Joy and grief of language lost but not forgotten
Nyoongar woman, Charmaine Councillor, loves her language. She teaches Nyoongar to elders who have lost their language.
Actually, Charmaine doesn’t use the word ‘teach’. She sees herself more as a ‘facilitator of language’.
“How do you actually revive a language that’s near extinction?” – Charmaine Councillor
While she is helping others to reclaim an almost lost language, she is not fluent in this endangered language herself. You don’t have to burrow too deep to discover Charmaine’s grief at this.
“According to linguists, for you to be a fluent speaker, you should be able to speak for five to ten minutes in native tongue on any subject, whether it’s imagination, abstract ideas, things happening now, things happening in the past, talking about everyday single events in everyday life,” Charmaine explains.
“I’m not there yet because I still have to rely heavily on English to be able to get the message across.”
The International Year of Indigenous Languages is being celebrated during 2019 and August 9 is International Day of the World’s Indigenous Peoples.
Narrowing in on south-west Western Australia and the language Charmaine loves to preserve and share, Nyoongar was spoken by the various clans of the Nyoongar nation.
It is believed that each of the 14 clans had their own dialect, but now only three are spoken. Very few people would be fluent in them.
“We are the largest one language group within the whole of Australia and we are trying to find strategies on how do you actually revive a language that’s near extinction,” says Chairmaine.
“We like to say ‘gone to sleep’ because we think that the language is still in the land.
“It’s still in parts of people’s memory and it’s actually attached to place names.”
Charmaine has adopted a teaching method developed years ago by native American speakers in California. This language immersion class is called the ‘master and apprentice model’. Part of this model includes a stage called ‘the grief and growl’.
“There has to be a grieving process before you can actually begin to learn language. The ‘grief and growl’ is to be able to tell exactly how you feel when you lose language, talk about trauma.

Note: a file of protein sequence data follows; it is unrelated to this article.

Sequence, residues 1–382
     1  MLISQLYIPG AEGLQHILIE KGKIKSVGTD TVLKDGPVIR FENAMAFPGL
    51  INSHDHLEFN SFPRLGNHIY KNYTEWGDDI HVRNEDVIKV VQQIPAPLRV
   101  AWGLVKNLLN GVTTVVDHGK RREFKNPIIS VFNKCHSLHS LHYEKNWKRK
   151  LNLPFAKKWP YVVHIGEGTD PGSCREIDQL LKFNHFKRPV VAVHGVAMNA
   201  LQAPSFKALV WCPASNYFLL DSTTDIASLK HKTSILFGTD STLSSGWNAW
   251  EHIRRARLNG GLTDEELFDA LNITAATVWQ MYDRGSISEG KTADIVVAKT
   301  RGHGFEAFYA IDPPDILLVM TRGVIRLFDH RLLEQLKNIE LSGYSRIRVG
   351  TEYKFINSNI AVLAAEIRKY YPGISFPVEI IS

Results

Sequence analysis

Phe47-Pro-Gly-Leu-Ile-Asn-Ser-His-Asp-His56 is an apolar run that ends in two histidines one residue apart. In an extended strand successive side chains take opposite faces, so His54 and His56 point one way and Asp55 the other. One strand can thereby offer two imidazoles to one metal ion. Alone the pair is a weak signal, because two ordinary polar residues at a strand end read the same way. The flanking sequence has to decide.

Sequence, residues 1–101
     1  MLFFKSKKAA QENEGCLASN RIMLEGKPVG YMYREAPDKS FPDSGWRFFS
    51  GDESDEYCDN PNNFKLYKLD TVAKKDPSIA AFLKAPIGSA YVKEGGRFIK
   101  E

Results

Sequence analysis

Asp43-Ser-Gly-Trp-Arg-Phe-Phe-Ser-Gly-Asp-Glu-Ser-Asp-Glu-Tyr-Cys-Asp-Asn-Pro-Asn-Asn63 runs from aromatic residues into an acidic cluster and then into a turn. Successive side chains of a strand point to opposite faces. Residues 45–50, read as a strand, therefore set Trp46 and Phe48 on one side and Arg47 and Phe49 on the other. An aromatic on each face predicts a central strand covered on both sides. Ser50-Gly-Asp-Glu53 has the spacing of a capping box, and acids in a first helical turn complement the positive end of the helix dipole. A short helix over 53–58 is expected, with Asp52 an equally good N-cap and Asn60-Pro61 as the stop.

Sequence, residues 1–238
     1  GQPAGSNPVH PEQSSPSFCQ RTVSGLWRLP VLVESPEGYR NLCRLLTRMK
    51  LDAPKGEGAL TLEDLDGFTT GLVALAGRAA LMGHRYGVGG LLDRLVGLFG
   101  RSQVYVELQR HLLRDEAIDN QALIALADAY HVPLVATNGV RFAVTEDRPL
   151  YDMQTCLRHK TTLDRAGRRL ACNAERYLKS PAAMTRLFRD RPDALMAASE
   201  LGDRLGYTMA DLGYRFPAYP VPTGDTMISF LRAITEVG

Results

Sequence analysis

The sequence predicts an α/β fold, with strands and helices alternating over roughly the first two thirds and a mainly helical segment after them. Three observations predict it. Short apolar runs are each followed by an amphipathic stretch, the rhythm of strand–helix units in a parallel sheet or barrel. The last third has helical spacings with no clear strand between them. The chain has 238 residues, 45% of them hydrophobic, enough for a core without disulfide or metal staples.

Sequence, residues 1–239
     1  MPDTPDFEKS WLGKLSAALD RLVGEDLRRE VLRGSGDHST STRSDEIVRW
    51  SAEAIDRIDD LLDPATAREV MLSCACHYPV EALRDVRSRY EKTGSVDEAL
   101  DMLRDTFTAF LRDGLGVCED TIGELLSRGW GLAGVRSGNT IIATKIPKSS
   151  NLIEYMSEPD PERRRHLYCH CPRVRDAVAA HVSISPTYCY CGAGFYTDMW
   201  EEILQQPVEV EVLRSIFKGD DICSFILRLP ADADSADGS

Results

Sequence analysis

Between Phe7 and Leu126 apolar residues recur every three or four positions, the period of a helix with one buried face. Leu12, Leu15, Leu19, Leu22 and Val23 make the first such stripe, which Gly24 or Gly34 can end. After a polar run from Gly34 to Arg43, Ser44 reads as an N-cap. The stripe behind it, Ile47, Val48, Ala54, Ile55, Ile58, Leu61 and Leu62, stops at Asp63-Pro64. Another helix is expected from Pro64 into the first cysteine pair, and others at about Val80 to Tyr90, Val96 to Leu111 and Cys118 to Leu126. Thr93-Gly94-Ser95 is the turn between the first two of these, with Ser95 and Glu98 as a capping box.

“It’s your time to growl about it.
“That’s actually the most important part of the Nyoongar language program. You must actually give people time to get it off their chest and say it out in the open.”
Charmaine says that as people in the room remember their stories, there is a shared understanding. Many were punished for speaking in language, or their parents had been put in a mission and had lost their language at that time. She says this process leads to tears, anger, a release of long stored emotion. It can’t be hurried, to enable people to move on from this grief.
Charmaine utilises training tools that are fundamental to Aboriginal DNA. She will bring out her guitar and together the group will sing simple songs in language, or they will tell stories, “allowing elders to spin a yarn”.
The master and apprentice model is particularly helpful for the older Nyoongar people Charmaine works with, whom she describes as being ‘our walking dictionaries’.
“We’re trying to go back to where the Nyoongar people have the knowledge and if we were to embrace that and capture those times that are so rare, we can actually bring back our language and hear the sounds again coming back.”
“Jesus had his language too and he explained his culture through parables, like how we do ours.” – Charmaine Councillor
Charmaine has been a Christian since her teenage years, but it is only as she has taught Nyoongar language that she has realised God is interested in the whole person, including her Aboriginality.
“I kept my Christian life separate but then I started really connecting how our culture and our language is actually woven into Christianity,” explains Charmaine.
“I had to wait until the light came on for myself.
“And then I started looking at Jesus in a different way and I said ‘Jesus is a storyteller. He had his language too and he explained his culture through parables, like how we do ours.”
“Because when you think about it, Jesus is speaking from his culture in the Bible. He was a carpenter. Our mob, we could be talking about making a spear or going hunting or things like that but he would have had his thing … they all talked about sheep, fishermen. We don’t have sheep here but we could talk about kangaroos and emus.”
The Nyoongar translation of the Old Testament book of Ruth is now underway, with support by Bible Society Australia.
The Gospel of Luke was translated into Nyoongar during a 15 year project that culminated in a launch in 2014.
This book is memorably presented as it features Nyoongar on every odd page, and spoken English (translated from the Nyoongar) on the even page. A glossary of words is at the bottom of pages.
For Aboriginal people, reclaiming language is linked to culture, to language and to land. The loss of language has robbed Indigenous people of their identity, their sense of self and of community. The deep emotions attached to language, and why more people are focusing on language centres, comes from a desire to bring healing, hope and restoration to people groups across the world who have been left bereft by language loss.
“What I see is that we have all these different pillars in our society and what threads all those pillars together is a fine thread which is called language. It marries everything together,” Charmaine succinctly puts it.
“One of those drops off and it doesn’t work. If the language falls out, then these things stand separate. But when you stand them together and thread them through, then they stay together and that’s your whole Aboriginality, your culture, your kinship, everything all about you as an Aboriginal person.”